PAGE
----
Officials and residents in Maine are worried that a federal proposal to reduce wood smoke pollution, will make new stoves too expensive. Here’s more on what the proposal is about, and how it can impact local retailers and manufactures.
The Environmental Protection Agency is proposing upgrades to wood stoves and other wood burning devices to make them more efficient and cut smoke pollution to meet their emission standards. But officials from the Department of Environmental Protection say this could impact local retailers and the customers who use these products.
Will Labbe, County Stove Shop, “it’s probably going to effect my business because people will not want to change their old stoves, they’ll probably try to improve on the stove or fix it some way that they can still burn wood even though that’s kind of dangerous, because they probably won’t pay the increase in price.”
The county stove shop in caribou is worried that if these proposals do go into effect, that when a customer walks into the store in the future, and sees price tags way higher than before, they’ll walk out the door.
Will Labbe, “in the furnace business where they’ve made no head ways for most of them anyway on efficiency, their cost will be much more, your talking maybe double the price of a furnace.”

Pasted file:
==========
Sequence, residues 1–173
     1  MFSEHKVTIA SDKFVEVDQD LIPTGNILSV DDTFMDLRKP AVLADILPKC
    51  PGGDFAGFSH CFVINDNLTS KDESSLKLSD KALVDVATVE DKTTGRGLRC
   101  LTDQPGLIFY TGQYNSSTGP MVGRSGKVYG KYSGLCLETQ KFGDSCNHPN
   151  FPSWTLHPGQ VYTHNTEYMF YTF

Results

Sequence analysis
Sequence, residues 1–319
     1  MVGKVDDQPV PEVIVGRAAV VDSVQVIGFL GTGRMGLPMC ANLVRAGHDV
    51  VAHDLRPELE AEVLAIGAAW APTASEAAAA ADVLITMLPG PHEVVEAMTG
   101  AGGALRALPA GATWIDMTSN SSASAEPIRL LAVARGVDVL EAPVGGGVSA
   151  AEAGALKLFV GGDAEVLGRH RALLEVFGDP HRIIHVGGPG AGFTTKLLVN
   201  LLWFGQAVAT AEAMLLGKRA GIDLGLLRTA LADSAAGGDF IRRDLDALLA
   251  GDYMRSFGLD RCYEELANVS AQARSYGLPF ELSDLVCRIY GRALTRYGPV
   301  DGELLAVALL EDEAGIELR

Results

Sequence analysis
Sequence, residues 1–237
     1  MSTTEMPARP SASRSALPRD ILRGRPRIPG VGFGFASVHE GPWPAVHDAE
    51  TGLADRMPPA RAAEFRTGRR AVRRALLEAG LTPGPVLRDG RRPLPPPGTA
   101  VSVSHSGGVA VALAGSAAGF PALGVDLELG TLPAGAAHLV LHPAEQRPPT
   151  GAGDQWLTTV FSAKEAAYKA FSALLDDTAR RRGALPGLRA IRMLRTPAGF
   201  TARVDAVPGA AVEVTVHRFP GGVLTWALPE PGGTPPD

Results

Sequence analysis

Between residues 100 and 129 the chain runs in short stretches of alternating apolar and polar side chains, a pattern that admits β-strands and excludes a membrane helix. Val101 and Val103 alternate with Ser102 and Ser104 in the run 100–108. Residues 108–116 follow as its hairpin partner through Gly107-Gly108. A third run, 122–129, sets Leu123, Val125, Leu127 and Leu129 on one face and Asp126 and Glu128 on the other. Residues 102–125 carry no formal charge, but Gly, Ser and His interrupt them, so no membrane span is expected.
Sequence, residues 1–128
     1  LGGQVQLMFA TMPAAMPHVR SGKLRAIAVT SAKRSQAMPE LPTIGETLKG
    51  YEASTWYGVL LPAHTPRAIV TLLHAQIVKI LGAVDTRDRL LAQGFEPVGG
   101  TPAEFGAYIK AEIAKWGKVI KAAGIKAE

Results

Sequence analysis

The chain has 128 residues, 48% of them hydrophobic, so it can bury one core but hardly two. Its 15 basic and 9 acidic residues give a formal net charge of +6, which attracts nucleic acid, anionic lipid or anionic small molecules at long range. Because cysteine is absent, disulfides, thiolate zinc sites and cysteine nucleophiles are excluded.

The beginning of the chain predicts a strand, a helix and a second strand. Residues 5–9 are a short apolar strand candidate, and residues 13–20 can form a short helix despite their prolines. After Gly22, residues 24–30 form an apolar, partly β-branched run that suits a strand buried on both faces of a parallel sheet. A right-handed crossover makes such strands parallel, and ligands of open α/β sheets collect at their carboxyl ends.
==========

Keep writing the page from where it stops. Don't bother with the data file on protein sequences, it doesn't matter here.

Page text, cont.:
The changes would apply to catalytic and non-catalytic stoves, and outdoor and indoor wood boilers and furnaces, which would see a much higher price jump like Labbe mentioned because of their size and amount of emissions they produce. Labbe says he’s been in the business for a long time and agrees that furnaces do lack technology.
Labbe, “they never changed for as long as I can remember, 20 years ago – 30 years ago they were the same, so their cost will go from 1 thousand to maybe 3 thousand dollars more.”
But in turn, DEP officials say the rules will drive customers away and manufacturers dishing out big money to make the changes, might not see those dollars returned in sales. >
If the upgrade proposals do take affect, Department of Environmental Protection officials are asking the EPA to fund a stove exchange program for Maine residents where customers would trade in their old wood stoves and get a discount on a newer one.